District Science Leader


“I’m shocked and amazed by how teachers are open to learning through this process. Instructional materials that show what it looks like for students to be scientists and own their learning offer teachers a deeper understanding of the standards. Materials have to support and scaffold instructional shifts.”

Professional Learning Provider

Why Materials Matter

While the standards lay out the skills and knowledge students should have acquired by the end of instruction, a high-quality curriculum designed for the standards charts the pathway that helps students reach proficiency in the standards. Instructional materials are a key to achieving equity because they have a huge impact on learning experiences and outcomes for students, particularly those living in poverty and from non-dominant communities.

The Features of High-Quality Materials

High-quality materials designed for today’s science standards enable students to use grade-appropriate ideas, practices, and concepts to make sense of relevant phenomena or to design solutions to actual problems. With these materials, educators can create environments where students have multiple opportunities to build on prior knowledge, share ideas, and make use of the practices of scientists and engineers.

It’s challenging to update old curricula to ensure they are designed for today’s science standards. The most effective materials that reflect the innovations of the Framework are built from the ground up. Many curriculum developers are making progress creating new, high-quality curricula.

Selecting High-Quality Materials

As educational leaders plan the implementation of new science standards, one of the most important decisions they face is selecting instructional materials to support student learning. This process is most effective when it begins by engaging a variety of stakeholders in meaningful dialogue, learning about the features of quality materials, and carefully evaluating materials for alignment to today’s science standards. A review process that includes stakeholder buy-in, clear criteria, and careful evaluation of evidence from the materials enables schools and systems to select the best possible materials.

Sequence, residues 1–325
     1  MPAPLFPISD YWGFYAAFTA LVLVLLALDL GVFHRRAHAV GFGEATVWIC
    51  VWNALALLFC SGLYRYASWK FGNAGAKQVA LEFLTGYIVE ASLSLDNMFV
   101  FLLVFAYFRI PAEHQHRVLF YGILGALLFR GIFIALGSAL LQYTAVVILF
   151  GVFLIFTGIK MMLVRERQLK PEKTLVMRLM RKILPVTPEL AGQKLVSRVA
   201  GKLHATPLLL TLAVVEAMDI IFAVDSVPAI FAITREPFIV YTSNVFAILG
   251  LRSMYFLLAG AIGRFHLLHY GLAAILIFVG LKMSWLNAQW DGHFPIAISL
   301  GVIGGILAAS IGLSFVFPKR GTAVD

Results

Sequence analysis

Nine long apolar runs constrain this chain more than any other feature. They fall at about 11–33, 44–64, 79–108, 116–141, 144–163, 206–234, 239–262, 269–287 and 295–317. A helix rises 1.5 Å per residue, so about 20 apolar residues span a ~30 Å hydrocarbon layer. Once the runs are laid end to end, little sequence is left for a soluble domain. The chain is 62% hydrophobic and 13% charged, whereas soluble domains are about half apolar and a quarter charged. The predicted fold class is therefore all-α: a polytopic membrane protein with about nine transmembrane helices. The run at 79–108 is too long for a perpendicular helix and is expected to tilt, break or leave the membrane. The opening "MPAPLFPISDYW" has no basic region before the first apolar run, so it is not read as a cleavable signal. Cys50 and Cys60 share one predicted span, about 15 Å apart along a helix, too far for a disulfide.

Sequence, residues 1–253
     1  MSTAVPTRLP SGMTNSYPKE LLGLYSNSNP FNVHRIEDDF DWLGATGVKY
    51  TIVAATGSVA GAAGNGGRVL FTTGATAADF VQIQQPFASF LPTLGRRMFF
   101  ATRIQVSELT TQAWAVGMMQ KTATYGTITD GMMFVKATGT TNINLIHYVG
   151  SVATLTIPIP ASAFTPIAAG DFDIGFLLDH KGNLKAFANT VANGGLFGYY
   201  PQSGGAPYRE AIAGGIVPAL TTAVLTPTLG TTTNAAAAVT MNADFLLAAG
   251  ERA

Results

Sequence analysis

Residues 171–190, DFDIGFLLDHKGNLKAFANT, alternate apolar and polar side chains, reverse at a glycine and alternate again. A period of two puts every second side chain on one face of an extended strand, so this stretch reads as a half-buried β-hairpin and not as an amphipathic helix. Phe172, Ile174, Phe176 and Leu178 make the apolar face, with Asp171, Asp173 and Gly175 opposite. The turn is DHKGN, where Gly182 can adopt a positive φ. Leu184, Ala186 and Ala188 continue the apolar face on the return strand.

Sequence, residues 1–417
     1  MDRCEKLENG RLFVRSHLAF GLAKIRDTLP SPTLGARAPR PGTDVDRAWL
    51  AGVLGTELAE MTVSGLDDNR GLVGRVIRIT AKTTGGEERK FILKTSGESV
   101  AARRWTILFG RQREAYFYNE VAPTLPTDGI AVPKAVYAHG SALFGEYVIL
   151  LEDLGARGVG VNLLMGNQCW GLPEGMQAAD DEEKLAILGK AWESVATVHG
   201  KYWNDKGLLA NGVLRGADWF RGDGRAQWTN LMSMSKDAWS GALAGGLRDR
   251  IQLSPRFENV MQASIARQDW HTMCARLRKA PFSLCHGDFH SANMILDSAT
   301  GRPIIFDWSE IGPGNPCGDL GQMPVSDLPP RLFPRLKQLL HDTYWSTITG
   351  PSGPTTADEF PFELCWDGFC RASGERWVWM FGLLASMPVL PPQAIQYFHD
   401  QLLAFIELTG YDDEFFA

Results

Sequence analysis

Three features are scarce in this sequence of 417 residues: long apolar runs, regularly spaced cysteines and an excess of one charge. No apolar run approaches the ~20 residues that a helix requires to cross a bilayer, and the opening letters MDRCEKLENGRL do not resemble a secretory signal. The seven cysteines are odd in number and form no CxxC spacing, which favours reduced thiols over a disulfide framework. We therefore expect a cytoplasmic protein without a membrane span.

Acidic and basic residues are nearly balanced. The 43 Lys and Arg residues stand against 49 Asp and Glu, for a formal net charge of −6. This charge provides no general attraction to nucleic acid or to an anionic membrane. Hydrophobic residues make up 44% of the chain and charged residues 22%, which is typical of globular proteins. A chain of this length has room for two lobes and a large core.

Resources Connected to This Takeaway

Materials matter, but materials alone won’t transform science education for the next generation. Educators and leaders need ongoing opportunities to engage in high-quality professional learning that is closely tied to classroom instruction and positions educators as both learners and professionals.

“Professional development is essential and expensive, and leaders are hungry for it. We need to offer safe spaces for continuous learning at all levels.”

Regional Science Leader


"Even if you give teachers high quality materials, they still need professional learning opportunities to know how to use them.”

Science Education Researcher

Curricula designed for today’s science standards call on teachers to shift their instructional approach from sage-on-the-stage to guide-on-the-side. Standards-designed materials give students the opportunity to make sense of the world around them by observing real-world phenomena, bringing their own ideas and experiences to the table, asking questions, and investigating those questions. For teachers and leaders alike, this is a significant change.

To realize those shifts, educators need more than professional learning that just unpacks the standards. They need high-quality, ongoing professional learning experiences that are closely tied to what teachers actually do in the classroom. Curriculum-based professional learning enables educators to experience, practice, and reflect on NGSS-designed materials. Such professional learning can deepen educators’ expertise in: (A) science content, including their understanding of disciplinary core ideas, crosscutting concepts, and scientific and engineering practices; (B) science pedagogy, including practices that support rigorous student learning; and (C) strategies for meeting the needs of all learners.1 These professional learning opportunities honor educators’ experience and expertise by aligning meaningful support with quality curriculum.

Once school systems select high-quality and aligned materials designed for today’s science standards and establish a professional learning plan, teachers need a safe space to learn, try out strategies, and receive feedback. Meanwhile, science leaders need ongoing training and support around what to look for in classrooms to promote teacher growth. Instituting these opportunities can generate the greatest change in teacher practice and student learning.

Resources Connected to This Takeaway

1https://www.nap.edu/read/21836/chapter/2?term=three+important+pieces+of+professional+learning#3

High-quality, aligned assessments are an important signal and tool to more effectively monitor student learning and generate better science outcomes.

“It takes a lot of policy and advocacy work to be sure the school board supports this type of work. How can you change the narrative to show you’re having success? What’s the work around social justice that matters to your community, and how does science play a role? How do you get the momentum and support to move on the things that really matter?”

Partner Organization Director